Press 'play' for personal touch: Rida Video Centre is one of Singapore's last video rental stores

SINGAPORE – Rida Video Centre, one of Singapore’s last video rental stores, is a bastion of a vanishing age.

Born in the golden era of VHS shops in the 1980s, the cosy mom-and-pop shop in Coronation Shopping Plaza is crammed from floor to ceiling with more than 10,000 titles – from dramas and documentaries to cartoons and arthouse films – gleaming beneath the warm lights.

The brick-and-mortar holdout was founded 35 years ago by owner Laurel Khoo and her late husband, Mr Ooi Kai Peng, and originally located in Serene Centre. It has been bruised by the rise of online streaming services, with a 30 per cent dip in business over the past five years.

Gone are the old VHS tapes, laser discs and VCDs: DVDs and Blu-ray discs are its mainstay now. But its personal touch remains, and the 60-year-old owner – a soft-spoken, maternal woman with a hearty laugh – says she wants to keep the shop going for as long as she can.

“Netflix cannot chat with you, but we can. And we can chat about anything, not just movies,” says Madam Khoo, a walking encylopaedia of film titles.

Before I can say “pause”, she hops off her stool and gives me a dizzying tour of the DVDs on display – from Mexican-inspired Disney film Coco (“Colourful, beautiful”) to Japanese movie Departures (“If you want to cry, watch this”), and Lebanese sleeper hit Capernaum (“Why would a boy want to sue his parents?”).

Rida stocks the usual Hollywood blockbusters and TV dramas but I also spy plenty of indie films – from Pedro Almodovar’s late-life masterpiece Pain And Glory to Richard Linklater’s Before Sunrise. Everything can be rented, but over 500 titles are also for sale, including newer 4k Ultra HD and Blu-ray discs.

“If customers want certain titles, we will bring them in if we can.”

Rida Video Centre has moved with the times – you can find it on Facebook, Instagram and Carousell.

Still, an old school charm lingers. Shelves behind the counter are crammed with some 10,000 index cards with customers’ membership details. Only a few hundred are still active, Madam Khoo says.

She pulls out one card dating back to 1996. “It still has a balance, so we can’t cancel the membership or recycle the card number. We just keep it.”

Madam Khoo tries to watch at least one movie a day. She struggles to name her favourite – there are too many. But shop assistant Geraldine Chio, 30, looks up from the counter and chimes in: “She loves Kubo And The Two Strings. She has played it more than 200 times.”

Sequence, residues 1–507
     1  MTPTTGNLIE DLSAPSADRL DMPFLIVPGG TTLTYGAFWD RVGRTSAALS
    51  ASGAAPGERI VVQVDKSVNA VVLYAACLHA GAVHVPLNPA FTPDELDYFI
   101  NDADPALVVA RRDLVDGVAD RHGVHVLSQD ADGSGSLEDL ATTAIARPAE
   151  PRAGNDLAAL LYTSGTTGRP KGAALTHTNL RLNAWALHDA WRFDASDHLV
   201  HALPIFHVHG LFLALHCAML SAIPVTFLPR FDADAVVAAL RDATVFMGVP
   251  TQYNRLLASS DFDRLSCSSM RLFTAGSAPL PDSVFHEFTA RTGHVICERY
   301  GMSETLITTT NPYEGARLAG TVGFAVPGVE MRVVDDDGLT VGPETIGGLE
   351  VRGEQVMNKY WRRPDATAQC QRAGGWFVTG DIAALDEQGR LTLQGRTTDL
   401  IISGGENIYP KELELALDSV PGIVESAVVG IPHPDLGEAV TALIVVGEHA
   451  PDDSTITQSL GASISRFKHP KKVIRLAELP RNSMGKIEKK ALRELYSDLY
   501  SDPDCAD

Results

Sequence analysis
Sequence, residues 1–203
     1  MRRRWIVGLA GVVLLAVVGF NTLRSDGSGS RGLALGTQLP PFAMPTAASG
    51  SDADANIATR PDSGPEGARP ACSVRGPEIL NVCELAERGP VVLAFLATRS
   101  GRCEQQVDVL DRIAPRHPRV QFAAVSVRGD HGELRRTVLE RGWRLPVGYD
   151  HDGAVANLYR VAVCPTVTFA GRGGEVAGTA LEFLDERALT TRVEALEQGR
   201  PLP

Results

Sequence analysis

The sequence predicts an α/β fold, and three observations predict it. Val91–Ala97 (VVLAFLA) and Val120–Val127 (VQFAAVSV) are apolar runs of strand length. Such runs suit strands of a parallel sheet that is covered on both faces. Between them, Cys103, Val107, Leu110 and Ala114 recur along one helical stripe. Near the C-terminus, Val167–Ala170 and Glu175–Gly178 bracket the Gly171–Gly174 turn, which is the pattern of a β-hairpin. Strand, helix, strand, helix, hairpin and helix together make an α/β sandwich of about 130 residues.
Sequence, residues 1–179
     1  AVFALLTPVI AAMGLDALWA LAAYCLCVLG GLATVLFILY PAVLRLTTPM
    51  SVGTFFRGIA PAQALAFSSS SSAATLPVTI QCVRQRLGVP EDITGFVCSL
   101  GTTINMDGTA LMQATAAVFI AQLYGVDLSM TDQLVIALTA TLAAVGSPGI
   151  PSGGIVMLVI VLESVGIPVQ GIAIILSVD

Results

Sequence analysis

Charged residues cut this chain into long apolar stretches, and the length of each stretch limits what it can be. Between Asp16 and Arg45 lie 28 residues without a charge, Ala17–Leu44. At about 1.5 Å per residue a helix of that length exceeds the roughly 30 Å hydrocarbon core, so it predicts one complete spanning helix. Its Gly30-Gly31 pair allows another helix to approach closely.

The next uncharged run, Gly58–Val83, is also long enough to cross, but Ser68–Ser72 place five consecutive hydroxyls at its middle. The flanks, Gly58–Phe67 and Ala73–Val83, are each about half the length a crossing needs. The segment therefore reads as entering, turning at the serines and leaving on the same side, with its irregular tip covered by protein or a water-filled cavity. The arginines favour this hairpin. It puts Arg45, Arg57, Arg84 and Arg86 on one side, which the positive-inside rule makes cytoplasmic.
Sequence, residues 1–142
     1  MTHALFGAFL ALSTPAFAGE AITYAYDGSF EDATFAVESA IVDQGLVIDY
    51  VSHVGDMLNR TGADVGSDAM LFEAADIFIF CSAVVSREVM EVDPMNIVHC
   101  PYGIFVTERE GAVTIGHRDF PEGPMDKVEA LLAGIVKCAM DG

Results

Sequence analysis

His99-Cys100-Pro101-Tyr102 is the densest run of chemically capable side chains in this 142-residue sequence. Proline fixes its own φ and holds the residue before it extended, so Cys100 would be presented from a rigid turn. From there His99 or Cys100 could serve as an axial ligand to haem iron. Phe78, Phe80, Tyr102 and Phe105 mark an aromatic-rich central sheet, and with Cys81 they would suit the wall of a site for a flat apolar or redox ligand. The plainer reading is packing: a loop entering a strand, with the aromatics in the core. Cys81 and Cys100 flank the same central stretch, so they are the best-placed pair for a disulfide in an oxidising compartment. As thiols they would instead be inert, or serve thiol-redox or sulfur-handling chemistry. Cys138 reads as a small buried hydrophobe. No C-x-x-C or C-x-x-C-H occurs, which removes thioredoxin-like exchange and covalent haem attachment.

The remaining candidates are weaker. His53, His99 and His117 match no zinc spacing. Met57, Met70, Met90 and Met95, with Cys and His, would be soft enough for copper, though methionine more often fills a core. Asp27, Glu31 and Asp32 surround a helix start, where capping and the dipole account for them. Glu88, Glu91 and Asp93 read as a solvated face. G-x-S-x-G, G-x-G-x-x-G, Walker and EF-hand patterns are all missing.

The store’s personal touch, perhaps, is what keeps old customers coming back after decades.


Customers at Rida Video Centre on Sept 7, 2020. ST PHOTO: GIN TAY

“She always asks, ‘What is your mood today?'” says Ms Teo, a retiree in her 60s who visits almost every day.

“I might say, I’m depressed. And she’ll say, okay, you’ll see something comical. It’s very homely. You feel you belong,” adds Ms Teo, who was at the store last week to return Danish film The Hunt.

Architect Benjamin Lee, 32, discovered the shop a few months ago and was struck by its range of 4k Ultra HD and Blu-ray discs.

“I don’t rent. I’m just a collector,” he says, pointing to his stack of films, such as Wonder Woman and Deadpool 2, at the payment counter.

Then there is 12-year-old Rayden Lim, who pops by with his mother whenever he goes for maths tuition.

“Renting is a better solution,” says the self-confessed film fanatic, who has a $50 pre-paid package entitling him to nine films. “If you buy, you have to watch the same movie over and over again.”

“Every video, every movie, tells a story. Life is a story – it’s how well we want to tell it,” says Madam Khoo.

The shop’s story began in 1985.


Staff of Rida Video Centre in Serene Centre, where it was located from 1985 to 2015. PHOTO: COURTESY OF LAUREL KHOO

Madam Khoo and Mr Ooi met when they were colleagues at an electronics firm, and would watch gongfu movies in the cinema on date nights. After they were engaged, they took the plunge into the video business.

“A lot of his friends were in the video business… Watching movies is a great pastime, if you ask me.”